Have you ever thought that you could become a proofreader and make money from home?
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If you frequently catch yourself cringing at misspelled words and typos on your friends’ Facebook posts, or vexed at the several typos in your child’s workbook that you paid for, here’s good news. It’s a good sign!
You’ve got a great work from home job on your hand mama! You can get paid to be a so-called “grammar nazi”!
Bloggers, editors, writers, all the people in the writing business, we need proofreaders to put that final shine on our writing drafts so that we can come off as smart and professional all the time ;).
I just found out about this lucrative and well sought after work from home job for moms and I couldn’t resist bringing over a professional who has been in the proofreading business for over 7 years to answer your questions on what it is and how to get started.
Caitlin Pyle (pictured below) is the creator of the very famous Proofread Anywhere course. Yep, that self-made millionaire that’s been featured on Forbes, Business Insider, and the likes. AND, she’s still very much an active proofreader herself.
I’m kind of nervous to publish this knowing that she’ll be reading it haha!
Anyway, Caitlin very kindly agreed to answer my questions about proofreading and it was eye-opening, to say the least. Kick back in your seat and follow along will you?
Hi Caitlin! Thanks so much for agreeing to chat. Let’s start with a look into your background and how you got started as a proofreader. Tell us please, what motivated you to become a proofreader?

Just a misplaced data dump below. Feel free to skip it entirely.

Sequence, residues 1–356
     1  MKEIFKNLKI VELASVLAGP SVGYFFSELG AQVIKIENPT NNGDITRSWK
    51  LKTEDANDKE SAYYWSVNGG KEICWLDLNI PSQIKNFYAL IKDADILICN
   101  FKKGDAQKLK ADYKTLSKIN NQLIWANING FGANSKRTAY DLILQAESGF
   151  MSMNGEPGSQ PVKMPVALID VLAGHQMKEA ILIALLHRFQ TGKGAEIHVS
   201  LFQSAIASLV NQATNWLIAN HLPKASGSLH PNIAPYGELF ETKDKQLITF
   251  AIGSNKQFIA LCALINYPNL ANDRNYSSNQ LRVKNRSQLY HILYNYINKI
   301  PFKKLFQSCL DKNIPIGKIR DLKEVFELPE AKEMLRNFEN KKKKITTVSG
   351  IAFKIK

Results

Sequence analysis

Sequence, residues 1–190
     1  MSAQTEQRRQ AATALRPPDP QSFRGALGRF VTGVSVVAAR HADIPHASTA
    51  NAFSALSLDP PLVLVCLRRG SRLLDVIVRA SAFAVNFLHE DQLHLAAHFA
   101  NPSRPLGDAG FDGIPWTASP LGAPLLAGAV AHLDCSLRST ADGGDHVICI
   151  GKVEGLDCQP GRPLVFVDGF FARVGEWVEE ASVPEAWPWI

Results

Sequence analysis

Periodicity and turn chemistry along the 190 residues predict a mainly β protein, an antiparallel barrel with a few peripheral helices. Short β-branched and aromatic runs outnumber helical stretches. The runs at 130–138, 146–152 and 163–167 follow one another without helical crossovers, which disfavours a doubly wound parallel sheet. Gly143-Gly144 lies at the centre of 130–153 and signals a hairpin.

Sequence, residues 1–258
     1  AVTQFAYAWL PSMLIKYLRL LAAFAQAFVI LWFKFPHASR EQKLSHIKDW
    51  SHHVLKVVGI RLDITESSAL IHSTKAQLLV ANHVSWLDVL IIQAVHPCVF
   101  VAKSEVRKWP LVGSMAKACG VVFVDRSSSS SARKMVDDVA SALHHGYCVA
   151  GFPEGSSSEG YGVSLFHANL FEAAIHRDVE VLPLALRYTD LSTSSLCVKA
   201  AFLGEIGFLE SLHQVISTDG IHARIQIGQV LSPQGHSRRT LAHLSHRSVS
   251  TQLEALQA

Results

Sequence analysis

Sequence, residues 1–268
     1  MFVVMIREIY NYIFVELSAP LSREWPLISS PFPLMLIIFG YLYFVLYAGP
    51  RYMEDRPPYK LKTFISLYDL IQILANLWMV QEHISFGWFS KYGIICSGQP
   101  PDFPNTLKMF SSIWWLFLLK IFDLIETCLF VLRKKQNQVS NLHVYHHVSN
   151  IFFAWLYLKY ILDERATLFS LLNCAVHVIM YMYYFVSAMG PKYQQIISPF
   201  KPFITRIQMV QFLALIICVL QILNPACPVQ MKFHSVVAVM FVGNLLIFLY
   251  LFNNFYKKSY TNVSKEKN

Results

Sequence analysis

My passion for proofreading started when I studied abroad in Germany for a year in college and would help students proofread their college essays. I loved using my grammar talent to catch errors and help others turn their writing into masterpieces.
That love for proofreading continued to grow. I took my general proofreading skills to the next level when I got into proofreading transcripts for court reporters back in 2012. I was so good at spotting errors, I became known as “Eagle Eyes.” In fact, proofreading transcripts became my primary source of income in 2012, 2013, and 2014.
Because I was so passionate about proofreading, I started ProofreadAnywhere.com as a blog back in 2014, and it’s exploded since then.
And how has that paid off for you? Very well?
As a proofreader, I was making up to $4,000 a month! I had many loyal clients and I finally loved the work I was doing.
I had never enjoyed working a normal 9-to-5 job so this was a perfect fit for me as it gave me the freedom to work my own hours, take vacations when I want (or even work while traveling!), and choose my own clients.
That’s really interesting, can you tell us how proofreading works exactly?
Proofreading often gets confused with copyediting so I like to first describe it by explaining what it is not.
Proofreading is not rewriting sentences, making comments about sentence structure or word choices, moving paragraphs around, or fact-checking.
If anyone has ever approached a proofreader and asked them to make their family Christmas letter “sound better,” they’re barking up the wrong tree.
In contrast, a proofreader is the last set of eyes to look at a draft before publication. They look for punctuation mistakes, misspelled words, lack of consistency, and formatting errors.
Proofreaders are important to many types of clients. My first course, Transcript Proofreading, specifically teaches proofreaders how to proofread legal transcripts.
Court reporters have tons of transcripts that they work on and need a final set of eyes to look it over before they submit it to the judge, lawyers, or anyone else who needs to access it. Typos or incorrect information can make a big difference when it comes to legal documents.
My other course, General Proofreading, teaches proofreaders how to proofread from a much broader perspective. It could be books, articles, student papers, medical documents, blog posts, emails… you name it. And anyone who is publishing these documents will want someone to look them over to make sure there aren’t any mistakes.